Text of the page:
If Mitt Romney’s foreign policy was an unknown to average voters, President Obama came to the table for the third presidential debate ready to sum it up in one word: dated.
In his final face-off against the former Massachusetts governor, Obama unleashed a series of zingers all casting Romney’s foreign policy ideas as old — sometimes really, really old.
Obama started by tearing into Romney’s description of Russia as a “No. 1 geopolitical foe.”
“And the 1980s are now calling to ask for their foreign policy back because, you know, the Cold War's been over for 20 years,” Obama said, reviving a bit of snark he’s used on the campaign trail. “But, governor, when it comes to our foreign policy, you seem to want to import the foreign policies of the 1980s, just like the social policies of the 1950s and the economic policies of the 1920s.”
(Romney answered the criticism by saying he was distinguishing geopolitical foes from national security threats. Iran is the greatest security threat, he said, but Russia continues to regularly oppose U.S. aims at the United Nations.)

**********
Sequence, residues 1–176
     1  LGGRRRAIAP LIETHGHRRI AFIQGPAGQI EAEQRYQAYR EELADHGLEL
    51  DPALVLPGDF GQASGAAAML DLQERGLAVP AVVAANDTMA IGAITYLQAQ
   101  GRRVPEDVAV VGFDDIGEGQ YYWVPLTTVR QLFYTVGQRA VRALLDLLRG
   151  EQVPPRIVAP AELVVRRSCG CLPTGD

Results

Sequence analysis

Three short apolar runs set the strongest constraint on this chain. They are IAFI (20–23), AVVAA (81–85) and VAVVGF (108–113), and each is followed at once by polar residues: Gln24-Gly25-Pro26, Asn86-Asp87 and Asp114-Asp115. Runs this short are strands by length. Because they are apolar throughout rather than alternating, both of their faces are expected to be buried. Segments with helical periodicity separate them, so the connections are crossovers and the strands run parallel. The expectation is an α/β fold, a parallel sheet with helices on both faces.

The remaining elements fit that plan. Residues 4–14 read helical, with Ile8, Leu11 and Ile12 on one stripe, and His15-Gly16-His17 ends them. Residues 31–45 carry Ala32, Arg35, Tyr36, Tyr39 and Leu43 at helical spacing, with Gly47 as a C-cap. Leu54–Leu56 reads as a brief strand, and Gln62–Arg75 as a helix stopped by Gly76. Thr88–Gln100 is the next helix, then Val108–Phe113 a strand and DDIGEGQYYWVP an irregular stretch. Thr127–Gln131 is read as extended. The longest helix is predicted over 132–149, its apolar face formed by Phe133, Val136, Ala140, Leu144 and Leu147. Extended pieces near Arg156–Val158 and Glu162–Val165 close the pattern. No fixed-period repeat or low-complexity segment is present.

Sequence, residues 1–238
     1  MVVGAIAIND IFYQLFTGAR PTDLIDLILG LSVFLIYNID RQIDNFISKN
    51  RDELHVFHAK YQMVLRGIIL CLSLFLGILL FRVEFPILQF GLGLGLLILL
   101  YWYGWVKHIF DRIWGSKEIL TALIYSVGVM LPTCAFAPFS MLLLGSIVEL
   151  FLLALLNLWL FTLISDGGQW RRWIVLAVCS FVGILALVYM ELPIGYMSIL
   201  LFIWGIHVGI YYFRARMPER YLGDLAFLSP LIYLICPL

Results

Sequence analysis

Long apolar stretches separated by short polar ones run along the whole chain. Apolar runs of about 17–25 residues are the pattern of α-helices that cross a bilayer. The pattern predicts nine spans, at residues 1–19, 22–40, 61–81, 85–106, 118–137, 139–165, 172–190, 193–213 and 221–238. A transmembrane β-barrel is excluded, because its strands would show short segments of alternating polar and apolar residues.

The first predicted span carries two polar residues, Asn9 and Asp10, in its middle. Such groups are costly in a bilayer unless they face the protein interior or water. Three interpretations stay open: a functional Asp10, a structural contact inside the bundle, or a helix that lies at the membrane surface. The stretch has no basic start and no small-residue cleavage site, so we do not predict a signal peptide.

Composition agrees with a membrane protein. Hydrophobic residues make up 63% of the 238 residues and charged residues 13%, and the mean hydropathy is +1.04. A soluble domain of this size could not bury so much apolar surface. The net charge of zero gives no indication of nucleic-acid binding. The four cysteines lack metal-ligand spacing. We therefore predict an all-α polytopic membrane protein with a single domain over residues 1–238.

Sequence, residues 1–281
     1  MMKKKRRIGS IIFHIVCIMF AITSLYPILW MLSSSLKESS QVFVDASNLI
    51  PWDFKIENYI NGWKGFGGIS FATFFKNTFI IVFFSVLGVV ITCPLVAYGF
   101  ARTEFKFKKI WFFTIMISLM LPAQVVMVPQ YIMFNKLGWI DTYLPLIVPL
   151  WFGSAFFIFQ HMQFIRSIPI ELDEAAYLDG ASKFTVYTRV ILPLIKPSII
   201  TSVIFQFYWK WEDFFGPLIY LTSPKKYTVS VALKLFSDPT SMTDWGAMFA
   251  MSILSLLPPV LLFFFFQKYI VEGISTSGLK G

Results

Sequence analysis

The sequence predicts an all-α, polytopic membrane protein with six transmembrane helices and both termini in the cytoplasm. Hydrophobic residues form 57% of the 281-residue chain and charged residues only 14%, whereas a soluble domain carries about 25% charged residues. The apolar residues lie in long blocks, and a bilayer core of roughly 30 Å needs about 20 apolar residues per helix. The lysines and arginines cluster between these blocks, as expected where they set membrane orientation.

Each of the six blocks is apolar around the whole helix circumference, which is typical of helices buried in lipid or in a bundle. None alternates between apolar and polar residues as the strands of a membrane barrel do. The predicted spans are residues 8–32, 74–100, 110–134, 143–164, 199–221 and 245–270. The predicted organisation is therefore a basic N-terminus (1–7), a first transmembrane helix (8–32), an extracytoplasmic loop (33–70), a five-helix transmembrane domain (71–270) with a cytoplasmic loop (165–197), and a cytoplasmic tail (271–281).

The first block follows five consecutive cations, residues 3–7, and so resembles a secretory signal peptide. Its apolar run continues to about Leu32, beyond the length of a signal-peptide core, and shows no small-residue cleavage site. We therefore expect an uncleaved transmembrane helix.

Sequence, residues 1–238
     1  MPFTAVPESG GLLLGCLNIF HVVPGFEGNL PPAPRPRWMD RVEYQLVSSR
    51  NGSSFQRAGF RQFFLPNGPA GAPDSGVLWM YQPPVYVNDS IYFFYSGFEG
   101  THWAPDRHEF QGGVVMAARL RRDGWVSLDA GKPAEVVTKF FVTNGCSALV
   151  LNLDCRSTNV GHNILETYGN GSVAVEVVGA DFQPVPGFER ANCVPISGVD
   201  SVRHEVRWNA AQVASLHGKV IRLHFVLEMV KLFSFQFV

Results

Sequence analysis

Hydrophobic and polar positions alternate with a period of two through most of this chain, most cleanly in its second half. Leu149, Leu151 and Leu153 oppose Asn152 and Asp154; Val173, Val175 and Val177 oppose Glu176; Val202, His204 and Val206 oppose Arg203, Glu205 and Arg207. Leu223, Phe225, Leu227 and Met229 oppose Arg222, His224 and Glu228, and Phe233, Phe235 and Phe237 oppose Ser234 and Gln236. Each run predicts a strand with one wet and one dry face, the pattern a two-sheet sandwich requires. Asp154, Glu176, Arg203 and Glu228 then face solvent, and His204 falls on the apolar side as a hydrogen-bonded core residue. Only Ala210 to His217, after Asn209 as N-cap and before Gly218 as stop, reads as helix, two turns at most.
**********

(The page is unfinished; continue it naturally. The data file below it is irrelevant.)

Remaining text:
Obama reached quite a bit further back for his next, practiced attack. Answering Romney’s familiar critique about the Navy having fewer ships today than under past presidents, Obama said Romney “hasn't spent enough time looking at how our military works.”
“Governor, we also have fewer horses and bayonets because the nature of our military's changed. We have these things called aircraft carriers where planes land on them. We have these ships that go underwater, nuclear submarines,” he said. “And so the question is not a game of Battleship where we're counting ships. It's — it's what are our capabilities.”
But Obama most wants to link Romney to a more recent era. In his first answer, Obama tied Romney to the foreign policy of former President George W. Bush, noting that Romney supported the invasion of Iraq.